Don't have a cow with beef & don't have a beef with cow

In this week's video I have a look at the words "beef" and "cow":

This video was inspired by the standard example that everyone (myself included) uses to show how the Norman Conquest affected the history of the English language (watch this excellent summary of the history of English from The Ling Space). I often trot out these pairs of words, cow/beef, sheep/mutton, etc., when explaining the history of English literature during the middle ages. This reflects not only historical linguistics, but also another branch of linguistics called sociolinguistics, specifically how languages from two different groups (in this case with two very different levels of prestige and status) interact. What often happens in these instances of language contact between unbalanced groups is that a simplified language called a pidgin develops, to allow for communication between the two groups, which takes the structure from the lower-prestige language but imports much of its vocabulary from the higher-prestige language. The word "pidgin" itself probably has nothing to do with the similar sounding bird "pigeon" (unless it's a metaphorical reference to the brief messages carried by messenger pigeons, as has been suggested). Instead it's derived from the word "business" in the phrase "business English" which was used in the pidgin that developed from English and Chinese to allow those two groups to communicate for the purposes of commerce. If a pidgin language becomes the native language of a new generation of speakers, it develops a more complex structure and we call it a creole, and has the properties of any other fully formed language. Jamaican creole is a famous example of this process. This is what happened with the Old English spoken by the Anglo-Saxons and the Norman French of William the Conqueror and his fellow Normans. Initially a pidgin would have developed, which eventually became the creole that is Middle English and the Modern English we speak today. So a lot of French vocabulary came into English, leaving us in this case with these English-French pairs of words which reflect the social realities of life in England about a thousand years ago. The interesting twist here, of course, is that in the case of cow and beef, if you go back far enough all the way to Proto-Indo-European, the two words actually come from the same root, and that long history of the word inspired me to write what is essentially a story about war and conflict.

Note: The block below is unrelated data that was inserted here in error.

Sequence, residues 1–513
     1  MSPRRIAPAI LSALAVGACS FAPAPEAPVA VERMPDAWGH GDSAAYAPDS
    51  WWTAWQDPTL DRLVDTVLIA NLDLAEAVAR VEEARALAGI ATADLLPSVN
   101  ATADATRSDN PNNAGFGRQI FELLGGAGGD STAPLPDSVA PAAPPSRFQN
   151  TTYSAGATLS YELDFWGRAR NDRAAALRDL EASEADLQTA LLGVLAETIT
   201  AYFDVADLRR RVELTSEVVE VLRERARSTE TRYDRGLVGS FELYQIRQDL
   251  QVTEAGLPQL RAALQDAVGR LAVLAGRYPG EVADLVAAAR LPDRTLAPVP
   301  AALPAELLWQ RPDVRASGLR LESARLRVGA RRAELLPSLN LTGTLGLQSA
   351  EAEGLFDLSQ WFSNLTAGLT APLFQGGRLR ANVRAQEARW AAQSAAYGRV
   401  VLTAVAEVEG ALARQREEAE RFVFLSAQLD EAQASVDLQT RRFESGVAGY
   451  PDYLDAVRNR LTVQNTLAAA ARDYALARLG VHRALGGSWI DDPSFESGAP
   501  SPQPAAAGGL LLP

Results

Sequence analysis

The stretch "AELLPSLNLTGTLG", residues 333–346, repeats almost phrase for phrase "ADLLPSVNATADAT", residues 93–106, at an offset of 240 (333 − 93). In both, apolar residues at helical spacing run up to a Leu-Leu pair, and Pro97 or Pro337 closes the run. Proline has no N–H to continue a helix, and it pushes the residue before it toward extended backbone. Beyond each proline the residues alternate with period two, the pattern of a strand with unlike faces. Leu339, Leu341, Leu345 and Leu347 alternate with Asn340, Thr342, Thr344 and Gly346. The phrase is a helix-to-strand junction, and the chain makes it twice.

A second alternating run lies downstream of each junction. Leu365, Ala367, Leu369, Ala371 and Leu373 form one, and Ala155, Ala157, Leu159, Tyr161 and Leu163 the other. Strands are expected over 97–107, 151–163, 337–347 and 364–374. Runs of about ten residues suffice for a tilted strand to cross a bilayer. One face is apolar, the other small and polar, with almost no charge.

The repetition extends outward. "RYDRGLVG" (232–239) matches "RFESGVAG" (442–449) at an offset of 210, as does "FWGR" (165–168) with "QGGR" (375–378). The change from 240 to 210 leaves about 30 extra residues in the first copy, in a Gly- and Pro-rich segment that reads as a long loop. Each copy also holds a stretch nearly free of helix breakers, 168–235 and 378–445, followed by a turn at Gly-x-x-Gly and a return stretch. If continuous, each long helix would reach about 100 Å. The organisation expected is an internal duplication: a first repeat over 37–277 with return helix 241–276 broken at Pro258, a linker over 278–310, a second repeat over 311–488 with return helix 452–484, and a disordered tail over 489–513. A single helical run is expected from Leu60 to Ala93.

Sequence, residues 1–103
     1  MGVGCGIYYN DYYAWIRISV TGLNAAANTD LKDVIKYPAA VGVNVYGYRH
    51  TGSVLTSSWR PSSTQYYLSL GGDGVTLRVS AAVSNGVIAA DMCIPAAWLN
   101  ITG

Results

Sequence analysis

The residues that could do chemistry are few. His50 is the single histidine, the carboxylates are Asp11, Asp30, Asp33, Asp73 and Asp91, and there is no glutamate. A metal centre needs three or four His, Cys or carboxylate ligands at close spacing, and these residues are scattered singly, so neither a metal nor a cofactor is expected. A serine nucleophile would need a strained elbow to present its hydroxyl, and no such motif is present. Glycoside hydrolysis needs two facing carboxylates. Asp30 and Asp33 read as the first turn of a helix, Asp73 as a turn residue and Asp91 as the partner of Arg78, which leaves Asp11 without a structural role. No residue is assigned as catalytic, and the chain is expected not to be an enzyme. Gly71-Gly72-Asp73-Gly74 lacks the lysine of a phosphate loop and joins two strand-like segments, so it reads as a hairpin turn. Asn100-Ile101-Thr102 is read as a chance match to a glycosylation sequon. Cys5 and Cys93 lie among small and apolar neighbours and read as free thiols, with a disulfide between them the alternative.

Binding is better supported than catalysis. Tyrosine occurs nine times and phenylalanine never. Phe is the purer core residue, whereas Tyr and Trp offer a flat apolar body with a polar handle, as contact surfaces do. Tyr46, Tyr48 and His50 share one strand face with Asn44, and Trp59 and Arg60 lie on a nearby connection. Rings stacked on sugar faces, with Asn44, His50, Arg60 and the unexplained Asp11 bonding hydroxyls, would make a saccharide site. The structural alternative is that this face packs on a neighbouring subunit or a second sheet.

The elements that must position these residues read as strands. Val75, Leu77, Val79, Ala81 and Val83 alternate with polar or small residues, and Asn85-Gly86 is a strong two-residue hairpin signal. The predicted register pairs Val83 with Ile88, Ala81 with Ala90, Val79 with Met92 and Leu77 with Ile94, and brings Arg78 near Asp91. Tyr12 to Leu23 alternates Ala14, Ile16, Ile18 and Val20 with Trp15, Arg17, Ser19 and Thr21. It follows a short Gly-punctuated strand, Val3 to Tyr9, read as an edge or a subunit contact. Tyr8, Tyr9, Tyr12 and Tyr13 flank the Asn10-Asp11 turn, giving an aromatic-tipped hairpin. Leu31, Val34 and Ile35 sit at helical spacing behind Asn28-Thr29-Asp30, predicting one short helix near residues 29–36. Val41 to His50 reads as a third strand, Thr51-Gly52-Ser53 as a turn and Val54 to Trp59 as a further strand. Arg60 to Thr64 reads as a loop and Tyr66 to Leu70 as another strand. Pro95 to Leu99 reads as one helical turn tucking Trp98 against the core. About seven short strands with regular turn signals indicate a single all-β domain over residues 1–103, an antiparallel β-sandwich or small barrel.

Since I've promised to point out in these blog posts some of the recurring nodes and connections that come up often in the videos, I'll draw attention to the Crimean War, which plays a more central role in my earlier video A Detective Story ( or click here for the specific reference in the video). A few other points to call attention to: Bulwer-Lytton was a wonderfully colourful figure, as his Wikipedia biography attests to. Have a look here and here for some more entertaining bits of trivia about him. According to the Wikipedia, Bovril is particularly associated with British football culture, since thermoses of the hot drink are a good way to keep warm while sitting in the stands watching a match, though apparently thermoses of Bovril are banned in Scotland due to their potential use as projectiles -- another link in the war and conflict associations with the word "beef"? And of course the Beefeaters, guards of the Tower of London who were apparently unusually well fed,  have become an icon of Britain as well, and it has been pointed out (see here and here for instance) that there is a similarity between the word "beefeater" and the Old English term hlaf-æta meaning "loaf-eater", which is an interesting parallel with the Old English hlaford or "loaf-warden" leading to our modern word "lord", which I discussed in my last video on the word "loaf". With videos on the words "loaf" and "beef", you can now make an etymological sandwich. You're welcome!

So I'll leave you with one last related etymology that I didn't use in the video. The Proto-Indo-European root that leads to beef and cow also leads to Greek βούς (or bous), which also means "cow". This is the first element in the compound boutyron which means literally "cow-cheese" and give English the word "butter". Butter is, of course, the first element of the word "butterfly". But why is a butterfly called a butterfly? It's been suggested that it comes from a folk belief that the insects or witches who have taken on the form of butterflies like to steal butter, which might also be supported by the German word for butterfly, milchdieb, which literally means "milk-thief". Or it might come from the supposed similarity in appearance between butter and the excrement of butterflies, a theory perhaps bolstered by the Dutch word for butterfly, boterschijte, which means literally (ahem) "butter-shit". And so I'll leave you with that appetizing thought!